“If your curricular goal is to give students an appreciation of patient-centered care and the course of illness, then there’s no question that the LIC is the way to go,” Scheinman said.
A more holistic understanding of patient care
A number of studies have found that students who complete LICs score as well or better on measures of clinical knowledge and skills, among other benefits.
A study published in Academic Medicine, in 2012 reported that students who participated in the Harvard Medical School–Cambridge integrated clerkship experienced greater satisfaction with the learning environment than students in traditional clerkships. Another 2012 Academic Medicine-published study found that LIC students were more likely to experience collaborative interactions with their teachers, and a 2012 study in Medical Education found that LIC students commonly served in a “doctor-like” role, whereas block clerkship students rarely did.
“Continuity is the key word with LICs,” said Lori Hansen, MD, who coauthored the latter two studies and serves as dean of the University of South Dakota Sanford School of Medicine at the Yankton Campus, where students take part in a year-long ambulatory LIC.
The Yankton Campus was one of the country’s first medical schools to adopt the LIC model in 1991 in an effort to mimic the realities of practicing medicine more closely. While she and her colleagues have documented many educational benefits of LICs, Hansen noted that implementing the model can introduce challenges as well.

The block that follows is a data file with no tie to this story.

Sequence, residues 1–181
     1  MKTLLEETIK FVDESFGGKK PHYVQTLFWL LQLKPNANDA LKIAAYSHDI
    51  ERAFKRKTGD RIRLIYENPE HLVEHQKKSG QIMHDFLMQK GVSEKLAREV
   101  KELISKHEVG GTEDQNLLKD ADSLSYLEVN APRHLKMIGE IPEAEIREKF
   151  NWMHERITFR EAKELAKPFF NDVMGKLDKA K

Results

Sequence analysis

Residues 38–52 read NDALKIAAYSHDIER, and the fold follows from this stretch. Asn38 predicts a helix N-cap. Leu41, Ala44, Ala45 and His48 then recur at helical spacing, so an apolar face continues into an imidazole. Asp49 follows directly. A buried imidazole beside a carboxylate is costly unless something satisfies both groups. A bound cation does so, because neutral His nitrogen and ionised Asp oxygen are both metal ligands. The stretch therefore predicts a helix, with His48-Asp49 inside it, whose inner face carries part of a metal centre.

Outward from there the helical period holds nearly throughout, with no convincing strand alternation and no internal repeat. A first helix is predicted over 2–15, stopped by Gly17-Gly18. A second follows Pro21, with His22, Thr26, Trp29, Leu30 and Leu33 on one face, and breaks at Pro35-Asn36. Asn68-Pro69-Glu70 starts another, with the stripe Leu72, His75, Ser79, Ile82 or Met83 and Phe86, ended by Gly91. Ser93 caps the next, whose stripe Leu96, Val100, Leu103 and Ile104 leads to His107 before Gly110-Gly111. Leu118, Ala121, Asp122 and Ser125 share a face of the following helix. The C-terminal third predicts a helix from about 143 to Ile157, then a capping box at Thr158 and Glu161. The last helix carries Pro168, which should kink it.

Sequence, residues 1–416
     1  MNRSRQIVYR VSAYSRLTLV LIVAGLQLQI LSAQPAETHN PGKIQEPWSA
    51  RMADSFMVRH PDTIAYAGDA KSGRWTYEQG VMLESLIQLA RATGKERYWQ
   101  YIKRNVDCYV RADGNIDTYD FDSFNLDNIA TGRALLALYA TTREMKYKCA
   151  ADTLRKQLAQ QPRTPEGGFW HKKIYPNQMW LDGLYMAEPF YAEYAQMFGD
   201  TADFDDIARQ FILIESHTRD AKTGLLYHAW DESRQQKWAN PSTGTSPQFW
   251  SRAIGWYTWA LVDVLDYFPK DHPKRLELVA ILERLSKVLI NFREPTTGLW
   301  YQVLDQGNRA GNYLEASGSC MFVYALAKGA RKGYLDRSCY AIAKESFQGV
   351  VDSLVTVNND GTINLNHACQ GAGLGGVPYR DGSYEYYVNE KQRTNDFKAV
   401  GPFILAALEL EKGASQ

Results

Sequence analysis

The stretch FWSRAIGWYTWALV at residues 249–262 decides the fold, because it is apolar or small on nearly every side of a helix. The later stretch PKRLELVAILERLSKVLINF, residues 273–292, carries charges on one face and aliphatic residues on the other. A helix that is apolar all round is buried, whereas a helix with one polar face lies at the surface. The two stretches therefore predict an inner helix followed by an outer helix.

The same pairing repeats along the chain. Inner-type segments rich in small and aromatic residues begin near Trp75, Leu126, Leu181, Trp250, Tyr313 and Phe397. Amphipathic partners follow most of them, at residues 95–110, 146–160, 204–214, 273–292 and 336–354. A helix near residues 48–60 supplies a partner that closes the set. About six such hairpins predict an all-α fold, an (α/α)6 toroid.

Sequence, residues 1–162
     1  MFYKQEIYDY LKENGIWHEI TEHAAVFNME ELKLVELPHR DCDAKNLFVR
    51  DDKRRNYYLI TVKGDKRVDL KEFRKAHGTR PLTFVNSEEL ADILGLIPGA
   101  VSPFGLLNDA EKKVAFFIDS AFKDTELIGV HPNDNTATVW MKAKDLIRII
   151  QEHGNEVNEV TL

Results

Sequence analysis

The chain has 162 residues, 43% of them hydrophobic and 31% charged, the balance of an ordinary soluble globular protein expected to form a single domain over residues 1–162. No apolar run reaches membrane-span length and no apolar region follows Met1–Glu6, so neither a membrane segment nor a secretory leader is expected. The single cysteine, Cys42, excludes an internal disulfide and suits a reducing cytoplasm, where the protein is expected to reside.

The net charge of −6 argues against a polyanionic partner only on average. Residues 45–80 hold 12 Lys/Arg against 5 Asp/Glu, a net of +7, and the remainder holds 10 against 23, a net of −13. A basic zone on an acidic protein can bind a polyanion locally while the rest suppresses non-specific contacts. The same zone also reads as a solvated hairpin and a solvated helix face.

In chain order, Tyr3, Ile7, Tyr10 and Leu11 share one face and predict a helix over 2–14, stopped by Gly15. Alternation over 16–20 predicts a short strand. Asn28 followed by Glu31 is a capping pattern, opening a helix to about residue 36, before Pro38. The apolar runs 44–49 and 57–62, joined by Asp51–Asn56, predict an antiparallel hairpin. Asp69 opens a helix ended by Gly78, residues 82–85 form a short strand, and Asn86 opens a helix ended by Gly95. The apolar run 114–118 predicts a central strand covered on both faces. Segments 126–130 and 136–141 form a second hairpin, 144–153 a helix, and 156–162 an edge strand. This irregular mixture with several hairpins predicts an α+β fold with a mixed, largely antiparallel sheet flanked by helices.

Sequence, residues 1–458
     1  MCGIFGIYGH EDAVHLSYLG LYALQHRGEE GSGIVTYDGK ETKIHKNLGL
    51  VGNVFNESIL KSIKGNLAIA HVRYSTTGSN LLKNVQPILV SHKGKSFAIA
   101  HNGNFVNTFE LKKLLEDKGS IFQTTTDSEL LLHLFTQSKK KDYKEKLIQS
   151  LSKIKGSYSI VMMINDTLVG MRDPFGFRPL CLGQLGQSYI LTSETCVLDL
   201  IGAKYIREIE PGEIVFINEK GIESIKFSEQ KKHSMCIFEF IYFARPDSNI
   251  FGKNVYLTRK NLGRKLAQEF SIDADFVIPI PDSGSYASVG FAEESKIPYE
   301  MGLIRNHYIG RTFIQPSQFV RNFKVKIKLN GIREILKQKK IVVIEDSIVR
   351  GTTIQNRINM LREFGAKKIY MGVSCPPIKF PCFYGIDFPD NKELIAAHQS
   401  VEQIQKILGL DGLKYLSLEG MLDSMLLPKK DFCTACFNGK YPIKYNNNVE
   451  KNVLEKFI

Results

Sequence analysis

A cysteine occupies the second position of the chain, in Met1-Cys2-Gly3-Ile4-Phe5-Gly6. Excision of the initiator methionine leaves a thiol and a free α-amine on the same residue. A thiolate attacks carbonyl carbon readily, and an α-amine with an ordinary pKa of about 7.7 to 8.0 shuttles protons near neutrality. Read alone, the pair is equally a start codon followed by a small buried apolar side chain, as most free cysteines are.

On a practical level, Hansen said it’s tricky to schedule simultaneous clerkships and notify students when their patients show up at emergency rooms or in clinic. There’s also the issue of getting consent from preceptors who are used to the block model.
“It can be a long process of introducing this change and then showing faculty the evidence that this does work,” she said. “But it’s really less burdensome for faculty because they’re not orienting new students every eight weeks. By the end of the LIC, students are actually very skilled, know their continuity patients very well, and can help the attending in the evaluation of patients.”
The Yankton model was so successful that the Sanford School of Medicine is now implementing the LIC across all of its campuses, said Mark Beard, MD, MHA, assistant dean for medical student education. Beard noted that in comparing medical students among Sanford’s four campuses, Yankton students typically reported less burnout and greater satisfaction with the curriculum.
LICs and underserved communities
The University of North Carolina (UNC) School of Medicine introduced the LIC in 2009 at its Asheville campus to give students more “authentic clinical experiences” and help them develop into physicians ready to serve and learn during residency, said Julie Byerley, MD, MPH, vice dean for education and chief education officer. Since then, LICs have expanded in some form to all of the school’s campuses.